Clare, a former Navy captain, sipped her white wine. “Not only does Russia have agents here but so do our allies. Everyone spies on everyone and yes, Harry, we, too, have agents everywhere. One must.”
“The best way to look at this is that power is amoral.” Jason settled into his chair, having poured himself another glass of wine.
“I know what you’re saying is true, but it drives me crazy,” Susan said. “All that money to sift through people’s computers, hacking this and hacking that. Following people, and I suppose killing some. Harry isn’t far wrong.”
“So the question is if one must kill, say, a Nigerian undercover agent who is funneling American funds to a terrorist group, thousands are dying, is the murder justified?” Arlene asked a question back.
“Well, if we aren’t being killed, no.” Harry was firm.
“What about the terrorists, at least I think of them as terrorists, who kidnapped the girls in Nigeria? It doesn’t affect us, but you don’t kidnap hundreds of children.” Susan tried to think this out.
“But sending operatives over there costs a lot of money, sending troops outright even more,” Jason said. “When I was in the diplomatic corps, depending on where I was assigned, we were always told and trained, ‘Hands off!’ ”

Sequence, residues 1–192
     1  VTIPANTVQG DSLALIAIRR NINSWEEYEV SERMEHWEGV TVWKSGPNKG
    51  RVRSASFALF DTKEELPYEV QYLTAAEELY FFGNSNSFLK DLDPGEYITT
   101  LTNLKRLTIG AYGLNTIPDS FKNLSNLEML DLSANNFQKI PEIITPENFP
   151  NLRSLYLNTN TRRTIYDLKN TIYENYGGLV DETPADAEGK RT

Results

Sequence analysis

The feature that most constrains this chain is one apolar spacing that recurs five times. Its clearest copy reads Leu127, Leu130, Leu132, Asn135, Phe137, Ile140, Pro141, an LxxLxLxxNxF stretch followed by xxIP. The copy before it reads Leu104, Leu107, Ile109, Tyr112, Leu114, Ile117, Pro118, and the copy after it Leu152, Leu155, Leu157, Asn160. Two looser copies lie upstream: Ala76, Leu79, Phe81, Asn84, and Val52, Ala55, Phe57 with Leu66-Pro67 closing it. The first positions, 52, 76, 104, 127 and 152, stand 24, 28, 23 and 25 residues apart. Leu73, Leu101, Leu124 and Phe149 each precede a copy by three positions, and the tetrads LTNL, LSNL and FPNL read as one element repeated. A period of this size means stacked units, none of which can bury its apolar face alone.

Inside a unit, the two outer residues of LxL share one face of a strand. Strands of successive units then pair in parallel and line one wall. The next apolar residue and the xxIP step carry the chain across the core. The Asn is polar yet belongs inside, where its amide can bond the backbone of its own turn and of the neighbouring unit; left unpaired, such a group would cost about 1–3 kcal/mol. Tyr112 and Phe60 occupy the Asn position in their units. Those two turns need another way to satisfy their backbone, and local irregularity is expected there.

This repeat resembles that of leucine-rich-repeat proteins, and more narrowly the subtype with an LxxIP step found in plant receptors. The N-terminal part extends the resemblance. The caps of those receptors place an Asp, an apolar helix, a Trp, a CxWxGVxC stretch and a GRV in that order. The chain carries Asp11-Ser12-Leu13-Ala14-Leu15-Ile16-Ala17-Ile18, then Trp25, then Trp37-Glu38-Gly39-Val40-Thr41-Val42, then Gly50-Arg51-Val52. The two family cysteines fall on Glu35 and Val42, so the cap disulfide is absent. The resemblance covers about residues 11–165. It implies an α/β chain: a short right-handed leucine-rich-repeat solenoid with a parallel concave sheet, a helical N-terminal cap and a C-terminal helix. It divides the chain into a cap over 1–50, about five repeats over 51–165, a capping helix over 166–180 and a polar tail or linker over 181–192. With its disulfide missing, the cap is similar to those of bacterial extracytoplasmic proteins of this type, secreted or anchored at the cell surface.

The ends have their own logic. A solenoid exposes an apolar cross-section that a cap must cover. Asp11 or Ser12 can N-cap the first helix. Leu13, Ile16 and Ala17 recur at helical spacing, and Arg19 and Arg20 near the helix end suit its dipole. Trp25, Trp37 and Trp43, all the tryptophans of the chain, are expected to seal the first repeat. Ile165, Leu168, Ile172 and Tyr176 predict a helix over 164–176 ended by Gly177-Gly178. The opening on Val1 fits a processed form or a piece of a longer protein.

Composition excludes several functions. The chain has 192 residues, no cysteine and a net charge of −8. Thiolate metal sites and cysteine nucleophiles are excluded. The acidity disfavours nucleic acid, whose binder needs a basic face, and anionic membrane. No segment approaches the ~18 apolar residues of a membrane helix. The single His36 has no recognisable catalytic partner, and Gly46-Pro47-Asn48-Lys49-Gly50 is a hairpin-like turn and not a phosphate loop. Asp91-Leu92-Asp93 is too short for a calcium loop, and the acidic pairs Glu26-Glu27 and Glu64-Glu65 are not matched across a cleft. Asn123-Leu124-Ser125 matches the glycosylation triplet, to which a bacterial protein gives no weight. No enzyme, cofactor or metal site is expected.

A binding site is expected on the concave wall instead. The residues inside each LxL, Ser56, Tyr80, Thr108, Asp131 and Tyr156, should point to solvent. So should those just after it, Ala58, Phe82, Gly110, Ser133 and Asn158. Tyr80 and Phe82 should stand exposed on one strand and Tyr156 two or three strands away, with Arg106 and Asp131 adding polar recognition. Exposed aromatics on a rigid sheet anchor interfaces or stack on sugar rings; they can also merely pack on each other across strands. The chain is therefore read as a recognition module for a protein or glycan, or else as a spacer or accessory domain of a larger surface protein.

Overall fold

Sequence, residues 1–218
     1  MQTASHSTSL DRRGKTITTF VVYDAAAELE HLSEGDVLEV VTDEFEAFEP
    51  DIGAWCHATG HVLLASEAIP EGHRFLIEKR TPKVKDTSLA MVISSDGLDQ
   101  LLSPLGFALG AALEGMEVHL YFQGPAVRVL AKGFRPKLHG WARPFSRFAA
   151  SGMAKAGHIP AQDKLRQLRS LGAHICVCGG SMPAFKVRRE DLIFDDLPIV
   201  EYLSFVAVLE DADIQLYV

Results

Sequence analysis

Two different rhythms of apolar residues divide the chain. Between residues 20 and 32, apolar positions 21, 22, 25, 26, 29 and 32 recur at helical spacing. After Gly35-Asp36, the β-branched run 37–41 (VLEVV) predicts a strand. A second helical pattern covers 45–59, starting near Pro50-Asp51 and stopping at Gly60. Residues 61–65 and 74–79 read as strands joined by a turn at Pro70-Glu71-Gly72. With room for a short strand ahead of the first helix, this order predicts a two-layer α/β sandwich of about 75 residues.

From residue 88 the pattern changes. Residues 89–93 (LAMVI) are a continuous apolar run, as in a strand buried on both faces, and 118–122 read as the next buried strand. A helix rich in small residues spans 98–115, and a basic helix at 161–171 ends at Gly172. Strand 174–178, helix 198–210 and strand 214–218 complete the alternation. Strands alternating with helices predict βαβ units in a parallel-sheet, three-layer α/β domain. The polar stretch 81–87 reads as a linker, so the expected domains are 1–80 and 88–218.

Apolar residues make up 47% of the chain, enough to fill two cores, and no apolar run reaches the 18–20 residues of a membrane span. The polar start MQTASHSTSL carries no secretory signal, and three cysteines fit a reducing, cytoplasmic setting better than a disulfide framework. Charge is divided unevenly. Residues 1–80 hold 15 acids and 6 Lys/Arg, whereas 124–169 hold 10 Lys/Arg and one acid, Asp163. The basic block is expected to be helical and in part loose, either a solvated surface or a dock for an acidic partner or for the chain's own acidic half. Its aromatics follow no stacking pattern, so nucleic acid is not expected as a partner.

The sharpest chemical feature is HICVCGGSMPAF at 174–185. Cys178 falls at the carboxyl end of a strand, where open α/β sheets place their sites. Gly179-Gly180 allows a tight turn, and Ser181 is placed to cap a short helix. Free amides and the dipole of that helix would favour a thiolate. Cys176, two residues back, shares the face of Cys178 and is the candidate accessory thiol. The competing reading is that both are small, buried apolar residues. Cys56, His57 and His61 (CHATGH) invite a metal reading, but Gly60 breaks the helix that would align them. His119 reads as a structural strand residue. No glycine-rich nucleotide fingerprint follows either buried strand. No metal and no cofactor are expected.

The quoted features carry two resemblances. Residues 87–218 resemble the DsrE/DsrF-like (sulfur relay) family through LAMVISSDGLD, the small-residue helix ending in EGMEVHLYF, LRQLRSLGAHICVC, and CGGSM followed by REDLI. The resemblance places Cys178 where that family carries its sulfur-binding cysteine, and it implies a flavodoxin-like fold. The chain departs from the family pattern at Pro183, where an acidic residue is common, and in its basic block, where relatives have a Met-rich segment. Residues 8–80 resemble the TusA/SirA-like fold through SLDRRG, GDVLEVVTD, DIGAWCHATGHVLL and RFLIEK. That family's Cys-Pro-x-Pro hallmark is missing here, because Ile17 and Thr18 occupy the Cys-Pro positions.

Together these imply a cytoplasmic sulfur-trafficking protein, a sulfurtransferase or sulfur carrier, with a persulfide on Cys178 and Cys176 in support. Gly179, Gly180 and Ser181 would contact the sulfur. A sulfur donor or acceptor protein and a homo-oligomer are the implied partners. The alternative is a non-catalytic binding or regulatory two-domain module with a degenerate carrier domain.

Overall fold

Clare spoke again. “The theory is that every state has sovereign rights. They may treat their people quite differently than we treat ours, but we have no right to interfere in internal issues, no matter how repugnant. Hence agencies like the CIA, which does not necessarily interfere, but provides information to shape our foreign policy that a diplomat going through normal channels may not be able to provide.”
“Jason, did you ever feel you were in a tight spot?” Harry’s curiosity kept her questioning.
“Not physically. As you know, my longest posting was in Ankara, Turkey. I speak fluent Turkish, know the culture, and have a smattering of some languages of countries near Turkey. Enough to be able to read, say, a Russian headline. But Turkey’s geographic position guarantees it will forever be a trade and political crossroads. Any violence in surrounding countries, such as Greece—remember they’ve had riots—could spill over into Turkey.”
“Greece would invade Turkey?” Harry was incredulous.
“Not today.” Jason smiled. “But riots in Greece or in the Crimea, for instance, might set off the disaffected in Turkey. Every nation has a pool of disaffected people who can take to the streets with or without much provocation. This includes us.”
“Unfortunately, it does. Which is why Hounds for Heroes is important.” Arlene put her feet up on a hassock. “Those men and women, many of them, have seen service in miserable spots. But if you’ve worn our country’s uniform, you deserve some recognition. I’m thrilled we can provide sport.”